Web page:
“Congratulations,” Greg said about thirty minutes into our game. “You’ve managed to cover just about every perceived female psychosis.”
To be clear, I wasn’t experiencing those psychoses. My newest Gamma World character was. Yes, Gamma World. (I told you. I’m addicted.) But don’t worry: Neither this game, nor the several I played before it, is taking a turn for the serious. It’s Gamma World, remember? I expect it to fly off the rails here pretty soon, just like any good Gamma World game should.
After that first session with the Wyld Stallyns that had me obsessively creating new Gamma World characters, I was invited to join Greg Bilsland’s game. Okay, invite maybe too strong a word.
“You want to crash our game?” Greg asked when I cornered him in a stairwell.
“Just for a couple of weeks,” I promised. “Until I find my own game.”
“I guess it’s okay,” he said, staring at the armful of suitably mutant-looking miniatures I cradled in my arms. “I mean you already have a character. Or… twelve?”
“Sixteen, but I’d like to create another one for this game,” I said.
That Friday, the rest of the group, which included Trevor Kidd, Josh Dillard, and Chuck Arnett, ate their Jersey Mike’s subs while Greg indulged me. Even watching someone else roll up a character can be entertaining.
Welcome to the world, Mojita Especiala, a lime green gelatinous cockroach. She’s not so much cockroach as she is gelatinous. Her blobby being was forced into a roach-shaped bundt cake pan which doubles as armor. It’s like squeezing into a pair of skinny jeans after a long workout.
“Very painful,” I explained. Not to mention humiliating should someone be in the locker room with you.
“Bundt pan armor,” Greg wrote it down. “Got it.”
I hope they like Mojita. She can’t wait to meet them.
Her soon-to-be adventuring party consisted of an engineered human named Victor XVIII (who takes his surname from the engraving on his grandfather’s tank), a barbarian chieftain ghost named Lorthog, Son of Thangdar who can only animate the body of a child-size mannequin in order to interact with living creatures, and Ragnarok a Mythic Entropic.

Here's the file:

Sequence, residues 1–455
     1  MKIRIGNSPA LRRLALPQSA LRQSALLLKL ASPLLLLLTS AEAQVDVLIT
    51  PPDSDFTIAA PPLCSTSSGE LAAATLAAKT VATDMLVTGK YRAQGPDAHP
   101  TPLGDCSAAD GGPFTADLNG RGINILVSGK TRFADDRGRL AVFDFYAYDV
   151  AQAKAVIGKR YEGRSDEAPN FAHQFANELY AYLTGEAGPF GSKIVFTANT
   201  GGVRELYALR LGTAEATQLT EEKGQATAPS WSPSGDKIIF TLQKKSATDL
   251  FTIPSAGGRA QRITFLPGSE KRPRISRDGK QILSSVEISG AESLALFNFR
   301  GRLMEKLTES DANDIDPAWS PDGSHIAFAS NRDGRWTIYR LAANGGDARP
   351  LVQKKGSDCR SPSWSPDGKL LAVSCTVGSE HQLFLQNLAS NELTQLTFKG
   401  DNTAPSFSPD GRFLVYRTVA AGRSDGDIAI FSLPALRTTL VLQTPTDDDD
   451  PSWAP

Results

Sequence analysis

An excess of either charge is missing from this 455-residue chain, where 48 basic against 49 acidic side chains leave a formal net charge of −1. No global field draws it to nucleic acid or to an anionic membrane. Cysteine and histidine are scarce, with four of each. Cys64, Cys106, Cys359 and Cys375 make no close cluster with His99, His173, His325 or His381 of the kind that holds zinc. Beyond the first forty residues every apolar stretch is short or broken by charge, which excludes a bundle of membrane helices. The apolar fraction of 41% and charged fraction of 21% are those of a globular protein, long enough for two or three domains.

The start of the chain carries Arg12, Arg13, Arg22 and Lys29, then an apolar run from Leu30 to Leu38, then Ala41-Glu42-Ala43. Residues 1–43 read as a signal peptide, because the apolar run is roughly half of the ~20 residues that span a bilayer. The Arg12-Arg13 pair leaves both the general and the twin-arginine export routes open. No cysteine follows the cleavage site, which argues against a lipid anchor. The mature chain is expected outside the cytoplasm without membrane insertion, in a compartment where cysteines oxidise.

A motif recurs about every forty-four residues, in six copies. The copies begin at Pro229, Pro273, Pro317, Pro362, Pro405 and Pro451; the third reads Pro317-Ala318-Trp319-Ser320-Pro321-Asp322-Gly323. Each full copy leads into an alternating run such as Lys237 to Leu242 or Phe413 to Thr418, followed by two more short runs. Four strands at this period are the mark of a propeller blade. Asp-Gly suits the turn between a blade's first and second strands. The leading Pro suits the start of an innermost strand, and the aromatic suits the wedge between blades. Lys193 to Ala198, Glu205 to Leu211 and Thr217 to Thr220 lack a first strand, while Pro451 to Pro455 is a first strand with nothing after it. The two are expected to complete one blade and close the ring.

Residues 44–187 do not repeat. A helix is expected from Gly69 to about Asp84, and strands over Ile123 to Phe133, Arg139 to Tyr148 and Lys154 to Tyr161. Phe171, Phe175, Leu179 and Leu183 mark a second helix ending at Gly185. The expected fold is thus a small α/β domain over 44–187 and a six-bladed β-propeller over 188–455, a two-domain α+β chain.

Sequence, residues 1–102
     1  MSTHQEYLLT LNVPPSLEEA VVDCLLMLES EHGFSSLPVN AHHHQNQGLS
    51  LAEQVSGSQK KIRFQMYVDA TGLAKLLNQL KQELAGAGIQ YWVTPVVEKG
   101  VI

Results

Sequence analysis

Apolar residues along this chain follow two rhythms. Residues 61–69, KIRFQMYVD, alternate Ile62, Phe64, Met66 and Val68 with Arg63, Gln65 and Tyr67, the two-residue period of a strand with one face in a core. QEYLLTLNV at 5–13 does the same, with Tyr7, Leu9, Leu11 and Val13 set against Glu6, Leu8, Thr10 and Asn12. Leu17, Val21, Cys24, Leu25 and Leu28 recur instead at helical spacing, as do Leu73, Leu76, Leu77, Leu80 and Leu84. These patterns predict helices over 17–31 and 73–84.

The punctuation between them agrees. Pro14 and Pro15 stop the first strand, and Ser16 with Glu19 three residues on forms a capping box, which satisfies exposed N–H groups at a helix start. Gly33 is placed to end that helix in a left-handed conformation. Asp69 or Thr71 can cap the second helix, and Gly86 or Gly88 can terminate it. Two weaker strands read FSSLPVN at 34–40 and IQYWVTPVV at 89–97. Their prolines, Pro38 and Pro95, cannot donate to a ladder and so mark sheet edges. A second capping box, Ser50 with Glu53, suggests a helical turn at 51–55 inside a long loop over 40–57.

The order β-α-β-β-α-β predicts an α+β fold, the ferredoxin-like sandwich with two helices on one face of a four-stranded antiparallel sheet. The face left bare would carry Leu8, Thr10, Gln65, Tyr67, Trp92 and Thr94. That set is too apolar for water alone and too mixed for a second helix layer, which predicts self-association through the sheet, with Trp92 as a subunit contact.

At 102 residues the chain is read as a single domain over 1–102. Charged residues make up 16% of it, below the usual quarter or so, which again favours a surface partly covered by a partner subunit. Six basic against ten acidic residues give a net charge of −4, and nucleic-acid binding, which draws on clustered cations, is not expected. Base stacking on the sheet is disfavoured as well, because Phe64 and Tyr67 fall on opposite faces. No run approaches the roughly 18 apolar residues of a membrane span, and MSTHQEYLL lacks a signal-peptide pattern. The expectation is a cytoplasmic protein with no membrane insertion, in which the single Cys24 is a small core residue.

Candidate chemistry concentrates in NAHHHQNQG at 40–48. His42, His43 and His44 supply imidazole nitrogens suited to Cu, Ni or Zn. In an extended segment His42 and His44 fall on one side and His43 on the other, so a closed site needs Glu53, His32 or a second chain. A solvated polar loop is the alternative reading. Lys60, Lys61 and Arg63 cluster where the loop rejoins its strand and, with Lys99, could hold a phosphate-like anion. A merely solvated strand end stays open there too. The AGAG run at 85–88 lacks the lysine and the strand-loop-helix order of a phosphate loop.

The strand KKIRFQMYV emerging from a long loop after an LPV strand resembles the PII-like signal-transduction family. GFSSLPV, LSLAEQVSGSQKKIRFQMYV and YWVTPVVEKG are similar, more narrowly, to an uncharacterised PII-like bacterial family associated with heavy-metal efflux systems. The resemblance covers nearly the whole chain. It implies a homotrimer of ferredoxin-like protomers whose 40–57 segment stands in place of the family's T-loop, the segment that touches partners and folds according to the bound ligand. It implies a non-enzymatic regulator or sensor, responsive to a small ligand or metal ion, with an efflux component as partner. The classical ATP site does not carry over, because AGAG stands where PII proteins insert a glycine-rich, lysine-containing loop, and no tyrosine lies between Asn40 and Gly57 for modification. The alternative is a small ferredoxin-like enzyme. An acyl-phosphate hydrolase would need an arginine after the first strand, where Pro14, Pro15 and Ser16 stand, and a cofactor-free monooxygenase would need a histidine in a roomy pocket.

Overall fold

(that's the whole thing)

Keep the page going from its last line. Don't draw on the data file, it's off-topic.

“A what?” I asked.
“From Famine in Far-Go,” Chuck said with pride. “He’s from the future.”
Fear of Roleplaying
At this point, the rest of the group hadn’t yet met Mojita. They first stumbled into what they presumed to be a NORAD ancillary facility in the Color Radio Mountains.
“Color Radio?” I asked.
“Yep,” Greg said, pinning a map of Colorado to the white board.
They spent much of their time previously looting the ruins in search of weapons used by the “Ancients.” A bonus find was the broken-down Apache helicopter.
“Viktor can get this working again,” Trevor said. “Viktor can do anything.”
Except figure out how to work a proper pronoun into a sentence, I think to myself. What does he think this is? Facebook?
Viktor’s two lackeys take off in search of anything that could help with the helicopter.
“I’m on it, boss!” Lorthog said, taking off.
“Me too!” Ragnarok yelled in pursuit.
Josh and Chuck are really nice guys. They’re always willing to help me judge contests or haul 1,500 shrink-wrapped posters to my car. Once Chuck even helped me weigh the pros and cons of cognac leather verses mahogany suede when I found myself in a winter boot conundrum. (His arguments for both were so well articulated, I ended up buying both pairs.) But I can’t imagine either of them are the kind of guys to call their co-workers “boss.” Especially when they’re not.
Trevor slapped his palm on the table, knocking over my d20 tower. “Hurry! We don’t have all day!”
“I’m looking as fast as I can, boss,” Chuck answered.